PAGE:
It’s giving me much the same number from one reading to the next, they think to themselves, so it must be right.
Problem is, they’re confusing consistency with accuracy. Multiple back-to-back readings will determine test-retest reliability — how close the numbers are when repeated measurements are made.
However, test-retest reliability isn’t the same thing as accuracy.
To determine accuracy, you need to compare the readings you get from the body fat scales to some kind of reference method.
As I mentioned earlier, the most accurate way, and indeed the only way, to measure your body fat (as opposed to estimating it) is carcass analysis (i.e. stripping the fat from a dead body and weighing it).
When it comes to estimating body fat, the current state of the art is something called the 4-compartment model, or 4C model for short.
The 4C model is an expensive method of measuring body composition that divides the body into four components (mineral, water, fat, and protein) and measures each one independently.
Total body water is measured using a method known as deuterium dilution, body density is measured with underwater weighing (or air-displacement plethysmography), while bone density is measured with a DEXA scan.
Short of killing someone, stripping off their fat and weighing it, the 4C model is as good as you’re going to get. It’s currently the benchmark test for body composition and the gold standard against which other body composition tests are measured.
Do Scales That Measure Body Fat Work?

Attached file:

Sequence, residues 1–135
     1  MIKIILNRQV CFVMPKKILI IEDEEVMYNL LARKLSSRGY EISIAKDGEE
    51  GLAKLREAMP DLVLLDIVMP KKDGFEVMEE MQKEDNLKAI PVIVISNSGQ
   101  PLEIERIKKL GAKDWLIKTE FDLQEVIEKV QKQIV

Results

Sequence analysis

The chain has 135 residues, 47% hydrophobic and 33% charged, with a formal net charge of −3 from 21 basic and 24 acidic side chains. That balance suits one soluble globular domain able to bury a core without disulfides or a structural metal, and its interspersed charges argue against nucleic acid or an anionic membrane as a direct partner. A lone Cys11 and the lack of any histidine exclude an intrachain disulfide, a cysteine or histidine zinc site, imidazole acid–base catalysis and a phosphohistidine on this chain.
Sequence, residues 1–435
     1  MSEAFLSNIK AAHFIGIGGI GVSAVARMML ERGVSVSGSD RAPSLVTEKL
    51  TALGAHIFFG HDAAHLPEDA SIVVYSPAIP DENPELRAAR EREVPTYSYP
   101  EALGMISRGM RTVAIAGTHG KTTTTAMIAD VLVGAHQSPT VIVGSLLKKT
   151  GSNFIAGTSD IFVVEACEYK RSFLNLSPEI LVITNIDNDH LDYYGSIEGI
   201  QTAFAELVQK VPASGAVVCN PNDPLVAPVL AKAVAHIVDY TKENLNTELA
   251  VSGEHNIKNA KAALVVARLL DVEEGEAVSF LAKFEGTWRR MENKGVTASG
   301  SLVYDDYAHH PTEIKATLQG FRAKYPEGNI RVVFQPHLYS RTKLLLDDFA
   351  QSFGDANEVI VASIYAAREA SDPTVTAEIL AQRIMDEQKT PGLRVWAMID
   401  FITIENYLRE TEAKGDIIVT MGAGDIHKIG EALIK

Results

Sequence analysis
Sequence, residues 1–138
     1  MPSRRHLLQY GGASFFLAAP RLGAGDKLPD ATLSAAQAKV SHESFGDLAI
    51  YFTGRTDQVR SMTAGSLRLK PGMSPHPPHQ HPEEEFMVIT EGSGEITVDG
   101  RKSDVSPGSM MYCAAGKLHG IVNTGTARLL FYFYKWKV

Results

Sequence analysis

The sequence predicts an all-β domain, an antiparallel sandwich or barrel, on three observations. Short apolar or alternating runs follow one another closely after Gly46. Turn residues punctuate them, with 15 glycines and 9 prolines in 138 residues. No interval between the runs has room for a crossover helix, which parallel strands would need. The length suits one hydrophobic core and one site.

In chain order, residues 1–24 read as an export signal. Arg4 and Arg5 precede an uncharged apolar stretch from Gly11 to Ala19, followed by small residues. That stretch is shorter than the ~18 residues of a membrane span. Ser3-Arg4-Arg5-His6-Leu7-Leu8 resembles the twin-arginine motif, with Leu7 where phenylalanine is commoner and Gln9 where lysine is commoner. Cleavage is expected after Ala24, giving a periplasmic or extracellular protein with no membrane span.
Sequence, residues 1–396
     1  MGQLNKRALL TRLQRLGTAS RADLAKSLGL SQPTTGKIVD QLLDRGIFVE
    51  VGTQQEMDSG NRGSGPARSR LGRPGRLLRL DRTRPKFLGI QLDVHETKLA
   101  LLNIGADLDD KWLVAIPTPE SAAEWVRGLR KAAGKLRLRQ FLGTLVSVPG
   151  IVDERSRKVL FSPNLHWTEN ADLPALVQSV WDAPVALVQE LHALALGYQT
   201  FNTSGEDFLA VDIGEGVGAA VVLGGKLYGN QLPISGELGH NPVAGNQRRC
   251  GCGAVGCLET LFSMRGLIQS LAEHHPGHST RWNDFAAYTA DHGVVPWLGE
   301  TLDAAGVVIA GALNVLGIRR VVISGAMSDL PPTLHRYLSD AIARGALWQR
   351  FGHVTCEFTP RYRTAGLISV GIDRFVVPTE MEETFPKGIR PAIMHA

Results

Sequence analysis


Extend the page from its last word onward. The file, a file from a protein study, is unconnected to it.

When researchers have compared body fat scales with the 4C model, the results have been less than impressive.
In one study, researchers from Maastricht University looked at changes in body composition in a group of male bodybuilders .
They compared several body fat tests — including DEXA scans, underwater weighing and bioelectrical impedance analysis, the technology used in body fat scales — with the 4C model.
Bioelectrical impedance was the least accurate of all the methods. In fact, the error got as high as 8%.
So what does that mean exactly?
Let’s say you step on a set of body fat scales, and your body fat percentage comes out at 20%. You eat right and train hard for a couple of months, and get down to 15% body fat.
But when you go back for another test, the scales might say that your body fat percentage is still 20%.
Same thing holds true for muscle growth. You could gain 5-6 pounds (around 2-3 kg) of muscle over a period of several months. But the scales might show that you hadn’t gained any muscle at all.
You’d come away with the impression that whatever you’d been doing to generate those results didn’t work, when actually it did.